Wow the 240Z brings back a lot of memories. My best friend had one and I wish to this day that he didn’t let it go. I miss you John. I still have the pic of you and the Z. Love you man!

    I had a ’59 Olds Super 88 in high school. It had the coolest speedometer that changed colors as speed rose.
    I had a girlfriend who was in college about 60 miles from where I lived so it served me well as a cruiser between my town and the college town she was in.

    My buddy in high school had one of these 59 Olds 4door. We used to triple date in that car. Back seat was so big two couples could sit next to each other without touching each other. The power front bench seat could do some amazing things also………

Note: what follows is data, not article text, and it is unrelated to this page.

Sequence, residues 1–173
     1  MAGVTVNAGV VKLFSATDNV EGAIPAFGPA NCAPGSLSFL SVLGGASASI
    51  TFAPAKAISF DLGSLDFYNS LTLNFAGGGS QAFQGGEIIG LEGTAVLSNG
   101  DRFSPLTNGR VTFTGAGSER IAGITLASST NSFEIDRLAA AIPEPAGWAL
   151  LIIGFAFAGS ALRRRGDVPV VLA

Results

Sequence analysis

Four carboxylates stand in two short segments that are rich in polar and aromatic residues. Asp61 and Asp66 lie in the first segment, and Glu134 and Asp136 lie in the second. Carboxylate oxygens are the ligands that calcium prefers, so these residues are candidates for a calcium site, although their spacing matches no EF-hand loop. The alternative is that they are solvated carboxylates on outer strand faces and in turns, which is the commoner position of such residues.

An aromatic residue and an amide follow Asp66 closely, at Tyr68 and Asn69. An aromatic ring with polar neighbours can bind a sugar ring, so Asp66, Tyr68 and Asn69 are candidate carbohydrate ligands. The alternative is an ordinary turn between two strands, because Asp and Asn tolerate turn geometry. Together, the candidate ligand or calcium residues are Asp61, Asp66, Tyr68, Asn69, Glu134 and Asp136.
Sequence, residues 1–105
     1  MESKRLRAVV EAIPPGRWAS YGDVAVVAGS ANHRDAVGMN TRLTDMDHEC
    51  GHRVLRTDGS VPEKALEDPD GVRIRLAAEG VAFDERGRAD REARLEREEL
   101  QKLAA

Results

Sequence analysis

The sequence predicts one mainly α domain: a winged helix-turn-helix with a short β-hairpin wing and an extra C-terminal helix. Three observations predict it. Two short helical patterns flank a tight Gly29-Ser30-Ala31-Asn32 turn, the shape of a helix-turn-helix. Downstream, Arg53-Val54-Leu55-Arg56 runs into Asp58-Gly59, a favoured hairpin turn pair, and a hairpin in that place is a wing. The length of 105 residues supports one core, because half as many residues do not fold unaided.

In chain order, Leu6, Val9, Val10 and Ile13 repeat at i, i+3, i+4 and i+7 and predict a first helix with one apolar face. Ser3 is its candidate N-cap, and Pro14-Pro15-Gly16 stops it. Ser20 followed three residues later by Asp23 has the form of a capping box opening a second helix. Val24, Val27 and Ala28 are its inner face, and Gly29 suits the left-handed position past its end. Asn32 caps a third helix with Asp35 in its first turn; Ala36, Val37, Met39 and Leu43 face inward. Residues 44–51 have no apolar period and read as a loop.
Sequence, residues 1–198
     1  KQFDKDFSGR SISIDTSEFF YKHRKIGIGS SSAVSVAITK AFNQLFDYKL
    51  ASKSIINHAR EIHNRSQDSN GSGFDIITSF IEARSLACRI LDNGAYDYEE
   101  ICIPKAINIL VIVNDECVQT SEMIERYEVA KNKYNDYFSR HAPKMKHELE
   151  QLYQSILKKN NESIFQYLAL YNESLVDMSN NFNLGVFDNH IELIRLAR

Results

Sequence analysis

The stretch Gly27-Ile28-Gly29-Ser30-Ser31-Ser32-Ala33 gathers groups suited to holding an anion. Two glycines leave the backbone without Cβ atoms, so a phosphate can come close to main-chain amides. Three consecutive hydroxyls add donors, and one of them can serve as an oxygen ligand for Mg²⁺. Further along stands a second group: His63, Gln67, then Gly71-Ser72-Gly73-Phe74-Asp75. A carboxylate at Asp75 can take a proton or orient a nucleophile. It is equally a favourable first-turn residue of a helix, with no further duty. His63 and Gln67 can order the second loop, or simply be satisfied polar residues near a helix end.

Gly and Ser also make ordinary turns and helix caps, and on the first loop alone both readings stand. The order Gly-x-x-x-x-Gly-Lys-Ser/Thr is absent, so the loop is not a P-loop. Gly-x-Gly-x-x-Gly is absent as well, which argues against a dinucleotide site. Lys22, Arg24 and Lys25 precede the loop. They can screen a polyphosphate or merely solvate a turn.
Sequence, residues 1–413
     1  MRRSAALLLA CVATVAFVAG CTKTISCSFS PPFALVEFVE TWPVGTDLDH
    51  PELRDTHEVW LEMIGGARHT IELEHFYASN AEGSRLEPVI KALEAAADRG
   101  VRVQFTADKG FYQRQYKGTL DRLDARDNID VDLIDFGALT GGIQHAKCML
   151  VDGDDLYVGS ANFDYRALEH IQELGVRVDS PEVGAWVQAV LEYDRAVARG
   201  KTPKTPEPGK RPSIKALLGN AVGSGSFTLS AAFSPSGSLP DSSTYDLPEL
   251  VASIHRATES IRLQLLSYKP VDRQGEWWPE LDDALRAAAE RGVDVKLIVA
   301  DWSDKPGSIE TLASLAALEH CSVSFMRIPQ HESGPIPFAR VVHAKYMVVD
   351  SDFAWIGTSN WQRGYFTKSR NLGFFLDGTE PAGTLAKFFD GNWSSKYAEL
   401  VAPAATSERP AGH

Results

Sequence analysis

At Mecum in Kissimmee Florida, a 79 Dodge Magnum, slightly modified ( most mechanical ) brought $36000. That’s way above what most Vettes of the same era get. And numerous non-auction examples have jumped into the mid-tens status. Not a trend-setter yet, but these are coming of “age” so to speak. But it seems most malaise ( Mopar especially ) are ignored.

    Its OK that our host gave some props to a bunch of non made in the USA cars. I still enjoy reading their opinions. Watching Mecum and Barrett-Jackson reassures us that in The USA made in The USA is around 80% of what we care about in The USA as our collector cars. And we will continue to tolerate and make you 20%’ers feel beloved here in The USA.

    The article is not about props to non-American cars. It’s about which cars are gaining in value. Most of them are NOT American cars. Full stop.